When I saw this Tumblr in which Maureen Johnson quoted Sarah Rees Brennan I made a note of it, because it discussed several things that come up for writers once we venture beyond our own writing caves and start to interact with one another--and with one another's work. In a way, these issues are our version of office politics. Our office just has more widely spaced desks than most offices, and our watercooler is the internet.
As Maureen says, paraphrasing Sarah, "it can be hard
for us to talk about other authors because there is a difference between
the person and the work." And I love when she says, "Sometimes we have
to cut each other some slack. A point of disagreement does not equal
hate. And a brief encounter or reading about someone online does not
mean that you know them."
All true, for me at least. It's
interesting dealing with other writers because we may find a real person
more or less compelling than his or her work. More or less interesting,
more or less offensive, more or less inspiring, more or less our cup of
tea. It's wonderful when we adore the writer and the work, but
it doesn't always happen that way. This is why I don't ask other writers
what they think of my work, unless we are in a critique relationship. I
presume that if they feel the burning need to say something about my
work, they will; but if they didn't like it or haven't read it, then I
have no desire to put us both on the spot like that.
Most of the
time, I can separate myself from my work; I can follow the wise advice
not to take things personally. (Sometimes people make it personal,
offering not literary criticism but abuse--but that's another situation
entirely.) But my work is precious to me. I put a lot of effort and
emotion into it. Other writers do, too. We're colleagues. And whether a
book happens to float my own personal boat or not, I can at least
respect my colleague's effort. I know what goes into writing a book.
do think that writers can give one another negative but thoughtful
reviews, and they can discuss things that they find problematic in one
another's work, without this being seen as an attack or unneighborly.
Negative reviewing is not something I do publicly myself, but that's a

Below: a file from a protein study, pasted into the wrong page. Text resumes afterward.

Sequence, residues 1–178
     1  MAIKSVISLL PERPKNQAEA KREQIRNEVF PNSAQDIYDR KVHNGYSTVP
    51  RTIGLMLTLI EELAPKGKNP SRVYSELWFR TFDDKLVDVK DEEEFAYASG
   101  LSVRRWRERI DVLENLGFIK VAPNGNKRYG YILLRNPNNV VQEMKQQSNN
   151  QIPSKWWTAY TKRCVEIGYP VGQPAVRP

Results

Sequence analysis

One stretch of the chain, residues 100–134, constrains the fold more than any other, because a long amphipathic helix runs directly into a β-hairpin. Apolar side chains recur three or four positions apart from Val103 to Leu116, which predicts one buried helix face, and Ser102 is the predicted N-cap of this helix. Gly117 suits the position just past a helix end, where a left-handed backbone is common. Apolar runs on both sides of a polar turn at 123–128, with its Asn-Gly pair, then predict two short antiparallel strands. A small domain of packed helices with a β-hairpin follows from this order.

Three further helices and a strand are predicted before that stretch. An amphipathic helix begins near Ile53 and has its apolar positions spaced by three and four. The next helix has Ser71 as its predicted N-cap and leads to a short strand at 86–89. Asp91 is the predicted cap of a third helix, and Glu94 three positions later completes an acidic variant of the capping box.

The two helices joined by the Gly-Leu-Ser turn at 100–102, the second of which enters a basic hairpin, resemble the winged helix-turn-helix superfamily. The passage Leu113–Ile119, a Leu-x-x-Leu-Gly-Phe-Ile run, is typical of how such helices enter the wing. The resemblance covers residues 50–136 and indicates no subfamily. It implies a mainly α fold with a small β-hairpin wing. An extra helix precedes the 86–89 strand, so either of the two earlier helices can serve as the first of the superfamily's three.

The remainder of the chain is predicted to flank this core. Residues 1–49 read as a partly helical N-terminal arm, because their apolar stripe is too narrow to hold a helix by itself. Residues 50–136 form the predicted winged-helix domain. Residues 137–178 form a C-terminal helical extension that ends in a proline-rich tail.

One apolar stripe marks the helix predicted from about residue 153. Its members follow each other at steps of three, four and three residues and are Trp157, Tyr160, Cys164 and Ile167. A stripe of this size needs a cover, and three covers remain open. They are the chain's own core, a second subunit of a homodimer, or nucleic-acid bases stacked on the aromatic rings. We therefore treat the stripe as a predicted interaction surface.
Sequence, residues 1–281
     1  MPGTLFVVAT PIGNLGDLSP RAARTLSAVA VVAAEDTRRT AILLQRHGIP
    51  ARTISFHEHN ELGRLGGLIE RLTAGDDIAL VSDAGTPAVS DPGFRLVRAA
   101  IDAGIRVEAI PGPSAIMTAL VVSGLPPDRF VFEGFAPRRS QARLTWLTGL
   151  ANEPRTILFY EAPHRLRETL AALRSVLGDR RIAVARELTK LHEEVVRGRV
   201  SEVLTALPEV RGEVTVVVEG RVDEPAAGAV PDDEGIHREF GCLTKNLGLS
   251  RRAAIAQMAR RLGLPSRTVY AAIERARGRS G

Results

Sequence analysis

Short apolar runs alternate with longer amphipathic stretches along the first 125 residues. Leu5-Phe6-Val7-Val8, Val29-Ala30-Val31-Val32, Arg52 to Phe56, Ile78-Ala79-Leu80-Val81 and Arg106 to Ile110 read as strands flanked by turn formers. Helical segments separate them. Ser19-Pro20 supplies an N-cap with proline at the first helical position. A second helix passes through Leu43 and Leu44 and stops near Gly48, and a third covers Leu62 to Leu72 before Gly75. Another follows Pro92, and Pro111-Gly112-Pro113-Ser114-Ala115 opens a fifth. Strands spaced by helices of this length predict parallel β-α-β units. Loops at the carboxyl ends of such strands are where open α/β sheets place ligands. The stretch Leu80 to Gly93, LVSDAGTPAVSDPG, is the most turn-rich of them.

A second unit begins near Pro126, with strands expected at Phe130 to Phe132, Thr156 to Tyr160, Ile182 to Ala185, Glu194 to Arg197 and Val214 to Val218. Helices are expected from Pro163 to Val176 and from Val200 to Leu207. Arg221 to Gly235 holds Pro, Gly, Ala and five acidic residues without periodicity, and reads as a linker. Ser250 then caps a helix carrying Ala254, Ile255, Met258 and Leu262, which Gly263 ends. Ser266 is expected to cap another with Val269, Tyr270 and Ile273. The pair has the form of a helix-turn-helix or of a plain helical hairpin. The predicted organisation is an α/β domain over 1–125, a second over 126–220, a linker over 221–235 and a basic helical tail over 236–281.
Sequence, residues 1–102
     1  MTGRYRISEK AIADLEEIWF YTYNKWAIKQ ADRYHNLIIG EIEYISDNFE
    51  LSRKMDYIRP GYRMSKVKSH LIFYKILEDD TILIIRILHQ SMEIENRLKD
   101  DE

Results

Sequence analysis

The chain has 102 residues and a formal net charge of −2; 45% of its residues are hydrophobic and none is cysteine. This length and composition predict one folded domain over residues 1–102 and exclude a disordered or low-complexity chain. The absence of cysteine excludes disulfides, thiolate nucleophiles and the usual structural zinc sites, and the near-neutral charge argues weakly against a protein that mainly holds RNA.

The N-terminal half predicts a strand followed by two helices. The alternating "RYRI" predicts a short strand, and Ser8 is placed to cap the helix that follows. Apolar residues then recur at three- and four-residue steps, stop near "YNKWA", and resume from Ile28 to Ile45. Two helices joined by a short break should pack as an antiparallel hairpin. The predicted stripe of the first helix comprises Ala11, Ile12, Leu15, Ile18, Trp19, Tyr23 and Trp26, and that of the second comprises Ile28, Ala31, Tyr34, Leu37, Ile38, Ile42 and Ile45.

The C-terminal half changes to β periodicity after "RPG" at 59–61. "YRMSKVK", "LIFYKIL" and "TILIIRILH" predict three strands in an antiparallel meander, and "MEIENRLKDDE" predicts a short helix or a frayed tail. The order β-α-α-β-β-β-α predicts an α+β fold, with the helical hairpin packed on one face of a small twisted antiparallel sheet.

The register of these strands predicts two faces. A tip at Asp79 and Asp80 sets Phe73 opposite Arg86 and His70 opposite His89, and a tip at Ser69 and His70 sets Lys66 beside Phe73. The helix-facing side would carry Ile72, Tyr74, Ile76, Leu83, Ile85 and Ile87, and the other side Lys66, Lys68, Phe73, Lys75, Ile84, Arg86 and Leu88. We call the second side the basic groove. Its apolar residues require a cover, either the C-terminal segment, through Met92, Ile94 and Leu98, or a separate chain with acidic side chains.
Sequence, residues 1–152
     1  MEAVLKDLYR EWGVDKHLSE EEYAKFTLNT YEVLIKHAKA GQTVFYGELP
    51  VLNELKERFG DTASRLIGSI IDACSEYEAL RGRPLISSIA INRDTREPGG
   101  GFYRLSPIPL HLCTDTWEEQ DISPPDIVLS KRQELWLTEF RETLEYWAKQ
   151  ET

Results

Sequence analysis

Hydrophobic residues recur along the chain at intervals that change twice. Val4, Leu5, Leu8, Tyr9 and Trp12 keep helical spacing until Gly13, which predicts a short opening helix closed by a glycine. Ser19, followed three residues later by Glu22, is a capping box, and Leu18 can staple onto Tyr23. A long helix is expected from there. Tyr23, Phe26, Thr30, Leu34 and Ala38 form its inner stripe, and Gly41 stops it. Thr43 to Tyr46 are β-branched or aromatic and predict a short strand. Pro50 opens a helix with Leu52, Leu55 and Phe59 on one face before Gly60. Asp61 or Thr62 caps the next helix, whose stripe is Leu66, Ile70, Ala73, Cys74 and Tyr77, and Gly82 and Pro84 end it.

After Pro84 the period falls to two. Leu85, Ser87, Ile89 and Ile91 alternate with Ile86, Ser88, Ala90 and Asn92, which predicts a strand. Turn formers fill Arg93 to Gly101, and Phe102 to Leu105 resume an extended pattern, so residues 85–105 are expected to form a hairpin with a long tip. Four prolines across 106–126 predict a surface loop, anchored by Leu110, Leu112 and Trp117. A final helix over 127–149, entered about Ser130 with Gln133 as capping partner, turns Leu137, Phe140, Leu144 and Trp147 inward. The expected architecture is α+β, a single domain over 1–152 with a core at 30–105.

choice I've made only for me, a choice on how I want to spend my limited
hours. I have the utmost respect for writers who can fill those roles,
and frankly, I think we need them. I don't think our "workplace" has to
be sugarcoated in relentless flattery--it wouldn't be good for us, and
it wouldn't be good for our readers.
I choose to ponder the
criticisms I have of others' work in private; it's part of studying my
craft. Sometimes I'll discuss a criticism in general terms on my blog
without naming the author or book, boiling down the problem to its
essential lesson. (In fact, my stripping out the specific identifying
info of a book has become so automatic to me, that a writer friend
recently asked me why I was being rather cloak-and-dagger when
discussing a certain literary problem in a private email conversation
I think that when we start from a place of respect for
one another, our community is at its strongest--whether we're agreeing
or disagreeing, praising or criticizing, congratulating one another for a
job well done or pushing one another to become better. And though we're
not required to take abuse, we can give one another the benefit of the
doubt because, as Maureen says, we are not all at our very best every
moment of the day. Sometimes we are grumpier or less patient or less
insightful than we wish we could be. Sometimes we have toothaches.
this post, I'll be taking a short break from blogging, to attend to
some offline business and pleasure. See you in about a week!